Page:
Part 3 of a series of articles on the COVID-19 pandemic.
The COVID-19 pandemic is without a doubt stress-testing all institutions nationally and globally, and many are struggling to cope, let alone perform effectively in this unprecedented crisis. Despite the World Health Organisation recently projecting that the number of COVID-19 cases in Malaysia is expected to reach its peak in mid-April, and the government’s decision to implement a nationwide Restriction of Movement Order (“RMO”), regrettably some members of the public still have not taken the matter seriously which has consequentially rendered enforcement of the RMO unnecessarily challenging.
In this regard, the government has recently gazetted the new Prevention and Control of Infectious Diseases (Measures within Infected Local Areas (No.2) Regulations 2020 and the Prevention and Control of Infectious Diseases (Measures within Infected Local Areas (No.2) (Amendment) Regulations 2020 (collectively, “PCID (No.2) Regulations 2020”) with effect from 1 April 2020 and 3 April 2020 respectively, both until 14 April 2020 to regulate the second phase of the nationwide RMO.
The legislative framework behind the Prevention and Control of Infectious Diseases (Measures within the Infected Local Areas) Regulations 2020 (“PCID Regulations 2020”), which was in force from 18 March 2020 to 31 March 2020, was explored in a previous article entitled “COVID-19: An Unprecedented Crisis”. Broad legal issues in the context of commercial contracts that arose from the RMO were discussed in a previous article entitled “COVID-19: A Superior Force?”.
In this article, focus will be placed on the material changes in the PCID Regulations (No.2) 2020 as compared to the earlier PCID Regulations 2020.
At the outset, the former appears to be more stringent and rigorous with the aim to alleviate further escalation and spread of the COVID-19 pandemic in Malaysia.
The material new provisions in the PCID (No.2) Regulations 2020 pertaining to the condition of movement are to be found in regulations 3 and 4 which provide as follows:-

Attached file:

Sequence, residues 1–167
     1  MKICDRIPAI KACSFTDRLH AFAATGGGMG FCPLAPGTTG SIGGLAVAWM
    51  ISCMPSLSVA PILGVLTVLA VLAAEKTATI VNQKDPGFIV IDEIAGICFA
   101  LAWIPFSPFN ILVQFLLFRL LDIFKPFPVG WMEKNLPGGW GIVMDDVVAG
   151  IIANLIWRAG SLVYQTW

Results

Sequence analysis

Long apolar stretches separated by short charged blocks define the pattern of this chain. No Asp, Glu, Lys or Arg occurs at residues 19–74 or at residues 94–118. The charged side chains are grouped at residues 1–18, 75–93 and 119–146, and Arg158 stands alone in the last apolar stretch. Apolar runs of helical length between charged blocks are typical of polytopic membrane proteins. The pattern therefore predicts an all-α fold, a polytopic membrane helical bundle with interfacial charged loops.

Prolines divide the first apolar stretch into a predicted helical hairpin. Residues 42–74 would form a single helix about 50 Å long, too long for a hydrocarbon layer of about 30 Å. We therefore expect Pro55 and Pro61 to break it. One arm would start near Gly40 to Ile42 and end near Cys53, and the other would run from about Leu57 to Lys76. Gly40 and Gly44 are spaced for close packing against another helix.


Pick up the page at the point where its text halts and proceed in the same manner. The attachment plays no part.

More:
“Control of movement
3.(1) No person shall move from one place to another place within any infected local area or from one infected local area to another infected local area except for the purposes under subregulation (2).
(2) A person may move from one place to another place within any infected local area or from one infected local area to another infected local area for the following purposes:
(a) to purchase food, daily necessities, medicine or dietary supplement;
(b) to supply or deliver food, daily necessities, medicine or dietary supplement;
(c) to seek healthcare or medical services;
(d) to perform any official duty; or
(e) to perform any duty in relation to any essential services.
(3) Subregulation (2) shall not apply if a direction is made under paragraph 11(3)(b) of the Act.
Conditions for movement
4.(1) Where a person moves from one place to another place within any infected local area or from one infected local area to another infected local area –
(a) to purchase food, daily necessities, medicine or dietary supplement, his movement shall only be, to a place within a radius of not more than ten kilometres from his residence, or to a place nearest to his residence, and he shall not be accompanied by any other person, unless it is reasonably necessary for him to be accompanied by any other person;
(b) to seek healthcare or medical services, his movement shall only be, to a place within a radius of not more than ten kilometres from his residence, or to a place nearest to his residence, and he may be accompanied by any other person as may be reasonably necessary;
(c) to perform any official duty, he shall produce an authorization letter from his employer if required by an authorized officer;